John Nygren:

Have a great weekend. Good to talk to you.

Frederica Freyberg:

You too. Now to the Democrats and Joint Finance Committee Member Senator Lena Taylor, who joins us from Milwaukee. Senator, thanks very much for doing so.

Lena Taylor:

It’s truly a pleasure to be with you Frederica.

Frederica Freyberg:

I know he's in the lower house, but what is your comment on Peter Barca stepping down as minority leader in the Assembly?

Lena Taylor:

You know, I always appreciate anyone who's been a leader. And I respect his desire to do that. And I hear that Gordon Hintz may be running. And I’ve had an opportunity to work with him. And he's a great guy.

Frederica Freyberg:

On to the budget. We've just spoken to Representative Nygren about Foxconn and transportation. First Democrats on the committee voted against the transportation package. Why?

Lena Taylor:

Well, first of all, there was nothing in it for public transportation. And very candidly nothing in it really to even help people to connect to -- you talked about the Foxconn deal which lacks accessibility, accountability and really opportunity for Wisconsin businesses. But transportation just really failed to come up with a long-term solution, which is what we've been waiting on all summer for them to do. So they get a big F for failure for creating an independent funding source, a long-term solution and frankly even a short-term solution. They decided to not do the Zoo Interchange, which is really where Flight for Life -- you know, a major engine in the Milwaukee and southeastern Wisconsin area.

Frederica Freyberg:

So what do your constituents think about that?

Lena Taylor:

They’re very perturbed that they would be so partisan. That they would be so disingenuous about dealing with transportation costs. This is going to cost taxpayers more gas. It's going to cost them more repairs in their cars. And it's going to cost us more money to do that work later that they've delayed for what? Three or four years. And then they put in there that you can't even take a surplus and use it if the Department of Transportation comes up with it later.

Frederica Freyberg:

Now, as for Foxconn, Joint Finance passed its package obviously of incentives and changes, including allowing lawsuits over it to bypass state appeals courts and go directly to the Supreme Court. What's your reaction to that?

Lena Taylor:

I think it's completely unfair that they've given this foreign company, this billionaire investor, an opportunity to pass not only our legal system, but also our environmental regulations that we have. It's very concerning. I also don't know if you know, but it's the largest subsidy, you know, to a company, a foreign company in particular, of any state. I mean, it's really -- $3 billion? This is over spending money for our children because they did not fill the void that they created with the largest cut in history to education.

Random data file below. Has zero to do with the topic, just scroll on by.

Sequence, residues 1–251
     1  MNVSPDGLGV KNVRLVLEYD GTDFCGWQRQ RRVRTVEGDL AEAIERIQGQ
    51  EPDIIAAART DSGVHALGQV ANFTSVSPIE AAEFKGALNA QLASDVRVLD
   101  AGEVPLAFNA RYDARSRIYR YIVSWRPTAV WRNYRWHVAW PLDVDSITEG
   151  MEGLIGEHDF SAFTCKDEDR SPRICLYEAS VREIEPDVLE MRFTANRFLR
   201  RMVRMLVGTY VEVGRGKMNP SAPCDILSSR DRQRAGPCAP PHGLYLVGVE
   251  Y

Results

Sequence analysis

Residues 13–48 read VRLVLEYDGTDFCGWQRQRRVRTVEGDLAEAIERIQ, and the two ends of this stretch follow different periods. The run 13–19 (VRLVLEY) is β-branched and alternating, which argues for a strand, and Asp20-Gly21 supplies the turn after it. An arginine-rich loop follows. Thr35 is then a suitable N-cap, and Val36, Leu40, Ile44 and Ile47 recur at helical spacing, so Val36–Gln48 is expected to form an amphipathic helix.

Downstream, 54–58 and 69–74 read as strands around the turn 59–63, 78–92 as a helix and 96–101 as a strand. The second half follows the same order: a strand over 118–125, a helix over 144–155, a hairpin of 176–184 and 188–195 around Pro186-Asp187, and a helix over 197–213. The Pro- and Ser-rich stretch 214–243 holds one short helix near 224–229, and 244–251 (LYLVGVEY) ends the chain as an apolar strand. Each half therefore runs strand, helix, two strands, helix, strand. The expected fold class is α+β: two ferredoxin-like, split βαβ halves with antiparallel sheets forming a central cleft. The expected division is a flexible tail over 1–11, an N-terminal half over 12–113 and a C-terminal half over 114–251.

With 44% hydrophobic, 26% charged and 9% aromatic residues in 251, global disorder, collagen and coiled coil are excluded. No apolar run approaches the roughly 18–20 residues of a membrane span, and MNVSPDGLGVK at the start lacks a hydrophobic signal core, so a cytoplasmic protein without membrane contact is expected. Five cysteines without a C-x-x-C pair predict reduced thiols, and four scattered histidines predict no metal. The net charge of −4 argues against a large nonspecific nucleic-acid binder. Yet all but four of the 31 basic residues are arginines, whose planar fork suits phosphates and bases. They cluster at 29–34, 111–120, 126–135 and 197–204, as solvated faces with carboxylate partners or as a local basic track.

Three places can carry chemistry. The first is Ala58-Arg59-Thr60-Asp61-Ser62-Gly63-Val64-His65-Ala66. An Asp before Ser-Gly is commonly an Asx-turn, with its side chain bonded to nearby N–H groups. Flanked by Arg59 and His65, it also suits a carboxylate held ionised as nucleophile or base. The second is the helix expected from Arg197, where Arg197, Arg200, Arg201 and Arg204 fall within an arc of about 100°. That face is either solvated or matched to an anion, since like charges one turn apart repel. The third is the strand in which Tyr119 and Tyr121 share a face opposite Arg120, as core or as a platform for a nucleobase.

Frederica Freyberg:

In terms of that prong of the Foxconn deal that allows it to kind of jump over the appeals courts, it does avoid the whole development being sidelined for years as these cases make their way through court, right?

Lena Taylor:

Well, very candidly, the process is the process that every other Wisconsin business and Wisconsinite needs to do. So why should this foreign company, for a deal that was done at MIU, that was done on what was equivalent to almost a napkin, a piece of paper, very small writings, why should they be able to do what you can't do and I can't do and no other company in Wisconsin can do, which is to usurp our system? I think that that's appropriate, for them to abide by the same rules that other Wisconsinites have to.

Frederica Freyberg:

What’s your expectation about whether Foxconn could be a positive economic development engine though for Milwaukee?

Lena Taylor:

I think that Foxconn, it would be a great opportunity if we could make sure that there were transportation connections. They didn't even have the ability for people in Racine to get connected to the potential site that they're talking about because there was no funding for public transportation. And they don't have those sources now. We also have issue in Milwaukee with whether or not people are going to get the training that they need. They're not doing training until years out. And they said $20 million. But one quarter of it, Gateway says we need a quarter of it ourself, in order to be able to bring theirselves up to being able to deal with capacity for the amount of need. So I’m concerned about transportation and training, not to mention access for businesses in Wisconsin or Milwaukee to even build the building.

Frederica Freyberg:

When that Foxconn bill goes to the floor of the Senate, you're voting no?

Lena Taylor:

I’m voting no as long as we're going to allow a foreign company to usurp our legal system. We're not going to put in transportation. We're not putting in training. And we have no security and accountability that Wisconsinites will get the jobs. Nor the ability to contract to do the work to build the building.

Frederica Freyberg:

All right. We need it leave it there. Senator Lena Taylor, thanks for joining us.

Lena Taylor:

Thank you for having me.

Frederica Freyberg:

The state Assembly and Senate are expected to take up the budget and Foxconn in floor sessions scheduled for next week.

Frederica Freyberg: